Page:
As with everything that gets too big for its boots melodic hard rock, along with all other melodic rock sub genres eventually lost its grip on the paying music public and the advent of grunge swept many of the bands away. However recent times have seen a resurgence in interest in the bands that weathered the storm. Thankfully there has also been an influx of new young bands coming through, with the US's Machines Of Grace and Rage And Beyond, the UK's Heaven's Basement and Decadenze, Spain's Eldorado and the multinational Eden's Curse leading the way. Add to that the phenomenal debut album from ex Van Halen and Montrose singer Sammy Hagar with his old VH bassist Michael Anthony, alongside guitar shredder Joe Satriani and drummer extraordinaire Chad Smith under the unlikely name of Chickenfoot, and there can be little doubt that melodic hard rock is back and meaning business.
Ozzy Osbourne – Blizzard of Ozz
Essential Melodic Hard Rock Recordings:
Van Halen – Van Halen
Dokken – Back For The Attack
Scorpions – Love At First Sting
Y&T – Earthshaker
Tyketto – Don't Come Easy
Chickenfoot – Chickenfoot
PART III- MELODIC SOFT ROCK – The line between soft rock and AOR is extremely fine and in places blurred out of vision completely, however with the mega success of classic rock and the emergence of AOR, it was a natural step that bands would become inspired to blend the two styles into a new, if familiar sound. Classic AOR acts such as Journey, Toto and Foreigner had already proved that there was a growing audience for keyboard led rock music that still allowed the guitars to be an integral part of the dynamic. Foreigner and indeed Boston are examples of groups who spent most of their time firmly in AOR territory; however with Boston's mega hit "More Than A Feeling" and the likes of Foreigner's "Hot Blooded" the keyboards were forced into the back seat in favour of a harder edged guitar delivery, causing them to spill over into melodic soft rock waters. There have been through the years countless bands that cross this boundary with the likes of Survivor, Giuffria or Crown of Thorns being AOR one minute and melodic rock the next.
Possibly one of the best exponents of Melodic Soft Rock, started out as a band with more in common with MHR and heavy metal. It took ex Deep Purple guitarist Ritchie Blackmore to make the courageous step of deciding he wanted his band Rainbow to have more chart recognition to change the direction of his music. This bold decision also resulted in him ousting the prodigious vocal talent of Ronnie James Dio from his band and initially replacing him with Graham Bonnet. The resultant album Down To Earth is still a classic of the genre, with the single "Since You've Been Gone" becoming a massive and enduring hit for the band.
Rainbow-Down to Earth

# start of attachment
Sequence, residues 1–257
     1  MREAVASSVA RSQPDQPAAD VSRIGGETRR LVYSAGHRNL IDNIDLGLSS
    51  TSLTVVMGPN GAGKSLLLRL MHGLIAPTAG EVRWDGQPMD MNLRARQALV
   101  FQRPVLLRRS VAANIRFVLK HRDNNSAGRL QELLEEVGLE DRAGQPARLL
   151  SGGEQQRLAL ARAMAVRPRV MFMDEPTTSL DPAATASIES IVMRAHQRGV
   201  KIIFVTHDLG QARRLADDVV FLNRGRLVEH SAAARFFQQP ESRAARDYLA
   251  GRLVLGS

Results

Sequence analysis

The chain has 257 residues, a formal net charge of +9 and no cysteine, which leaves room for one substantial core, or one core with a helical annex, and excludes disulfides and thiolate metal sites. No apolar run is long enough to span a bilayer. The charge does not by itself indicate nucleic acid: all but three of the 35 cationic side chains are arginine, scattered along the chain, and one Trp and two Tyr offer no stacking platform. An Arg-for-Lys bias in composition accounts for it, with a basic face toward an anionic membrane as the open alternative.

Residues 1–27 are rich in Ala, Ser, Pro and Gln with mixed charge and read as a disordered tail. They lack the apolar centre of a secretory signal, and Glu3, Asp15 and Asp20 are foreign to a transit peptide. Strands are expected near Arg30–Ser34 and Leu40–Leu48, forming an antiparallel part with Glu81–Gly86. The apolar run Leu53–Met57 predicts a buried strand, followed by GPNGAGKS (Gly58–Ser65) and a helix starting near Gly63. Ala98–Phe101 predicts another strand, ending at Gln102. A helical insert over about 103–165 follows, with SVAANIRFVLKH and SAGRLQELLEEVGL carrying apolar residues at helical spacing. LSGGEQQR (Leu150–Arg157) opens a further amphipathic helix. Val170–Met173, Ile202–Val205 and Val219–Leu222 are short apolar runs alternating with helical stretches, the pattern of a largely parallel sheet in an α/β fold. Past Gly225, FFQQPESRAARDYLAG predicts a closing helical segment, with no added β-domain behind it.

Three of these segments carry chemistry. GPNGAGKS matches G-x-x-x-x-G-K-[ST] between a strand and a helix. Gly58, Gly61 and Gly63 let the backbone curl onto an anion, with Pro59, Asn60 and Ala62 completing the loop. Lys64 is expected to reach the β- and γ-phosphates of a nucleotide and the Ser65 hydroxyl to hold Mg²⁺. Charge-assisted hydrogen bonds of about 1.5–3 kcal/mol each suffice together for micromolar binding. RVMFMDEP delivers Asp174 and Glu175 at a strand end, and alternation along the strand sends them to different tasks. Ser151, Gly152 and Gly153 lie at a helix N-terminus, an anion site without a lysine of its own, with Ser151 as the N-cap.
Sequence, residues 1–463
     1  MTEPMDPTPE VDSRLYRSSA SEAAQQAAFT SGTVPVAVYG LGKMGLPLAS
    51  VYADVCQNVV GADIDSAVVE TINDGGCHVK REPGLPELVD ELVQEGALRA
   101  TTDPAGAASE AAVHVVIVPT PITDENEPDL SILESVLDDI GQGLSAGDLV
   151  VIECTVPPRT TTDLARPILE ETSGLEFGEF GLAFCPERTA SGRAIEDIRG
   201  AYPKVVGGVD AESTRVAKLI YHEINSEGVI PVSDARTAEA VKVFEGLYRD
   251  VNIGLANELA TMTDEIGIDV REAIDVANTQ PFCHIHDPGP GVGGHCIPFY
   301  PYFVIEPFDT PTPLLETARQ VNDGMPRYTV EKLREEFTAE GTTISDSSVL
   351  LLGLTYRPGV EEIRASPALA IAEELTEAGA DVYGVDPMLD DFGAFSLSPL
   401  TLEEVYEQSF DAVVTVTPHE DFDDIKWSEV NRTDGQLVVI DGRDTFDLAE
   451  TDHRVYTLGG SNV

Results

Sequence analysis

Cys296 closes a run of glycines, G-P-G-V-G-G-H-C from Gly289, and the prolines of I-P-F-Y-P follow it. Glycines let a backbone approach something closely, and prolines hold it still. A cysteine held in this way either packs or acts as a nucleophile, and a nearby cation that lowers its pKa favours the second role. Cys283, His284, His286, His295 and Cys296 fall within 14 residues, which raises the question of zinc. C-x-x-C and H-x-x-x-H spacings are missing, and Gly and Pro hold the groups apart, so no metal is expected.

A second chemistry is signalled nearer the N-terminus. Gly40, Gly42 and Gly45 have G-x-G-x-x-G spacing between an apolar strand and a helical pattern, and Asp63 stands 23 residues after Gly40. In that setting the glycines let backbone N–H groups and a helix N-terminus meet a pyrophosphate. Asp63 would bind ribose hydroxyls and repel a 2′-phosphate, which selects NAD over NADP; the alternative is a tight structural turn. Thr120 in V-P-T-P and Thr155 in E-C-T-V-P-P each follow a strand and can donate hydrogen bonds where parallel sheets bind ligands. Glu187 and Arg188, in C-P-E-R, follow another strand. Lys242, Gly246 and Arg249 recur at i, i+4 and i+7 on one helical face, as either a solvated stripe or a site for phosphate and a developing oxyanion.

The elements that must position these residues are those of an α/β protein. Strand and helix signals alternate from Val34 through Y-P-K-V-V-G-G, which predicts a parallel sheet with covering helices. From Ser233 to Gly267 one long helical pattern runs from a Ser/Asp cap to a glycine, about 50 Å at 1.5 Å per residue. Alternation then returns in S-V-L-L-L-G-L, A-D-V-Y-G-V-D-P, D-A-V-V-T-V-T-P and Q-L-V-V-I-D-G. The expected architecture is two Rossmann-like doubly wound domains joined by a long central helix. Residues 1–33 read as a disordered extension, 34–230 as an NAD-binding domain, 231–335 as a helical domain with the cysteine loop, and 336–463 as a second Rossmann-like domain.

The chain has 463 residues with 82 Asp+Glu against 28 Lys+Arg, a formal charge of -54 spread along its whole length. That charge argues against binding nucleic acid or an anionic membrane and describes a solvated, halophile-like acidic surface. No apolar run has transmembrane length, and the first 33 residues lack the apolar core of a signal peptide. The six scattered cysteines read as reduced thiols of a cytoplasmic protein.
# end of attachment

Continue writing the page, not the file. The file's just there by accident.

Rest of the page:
That combination of Blackmore and Bonnet didn't last long, however undaunted Ritchie recruited Fandango singer Joe Lynn Turner, who would feature on a further three albums and sing on the soaring "I Surrender", which epitomises the melodic rock the band were now producing with ease. Once Blackmore accepted the invitation to rejoin Deep Purple, Turner used his higher profile and vocal talents to become involved in countless projects and bands that would continually release top notch melodic rock. His 1985 solo album Rescue You being possibly the best, however his work with Brazen Abott and the more recent Sunstorm are also worthy additions to any rock collection. Rainbow were however anything but alone, with the likes of Night Ranger, who gained massive success in the US, a rocked up Heart, who had previously been more folk rock oriented and Streets, who were formed by Kansas singer Steve Walsh with City Boy guitarist Mike Slamer. Streets would release two mighty albums in the shape of 1983's 1st and Crimes In Mind two years later, Walsh then reformed Kansas, however Slamer would feature as a session musician and writer on other excellent melodic rock albums by acts such as Fiona, House of Lords and Warrant, before forming Steelhouse Lane and also releasing one tremendous solo album. With countless other melodic soft rock bands also coming through at the time, it was only a matter of time before one would really hit the big time and with 1986's Slippery When Wet becoming a global phenomenon, Bon Jovi were that band. However with their slick sound and huge production, they not only set the standard for other bands trying to make it, they also set the timer on the bomb that would come close to destroying the genre. I suppose that's not strictly fair on Jon and his boys, as the likes of "hair metal" bands like Poison and Pretty Boy Floyd, along with the overblown egos of Guns & Roses made the whole genre ripe for the picking and bloated to the extent it wouldn't take much to burst the balloon of success for these bands.
Bon Jovi-Slippery When Wet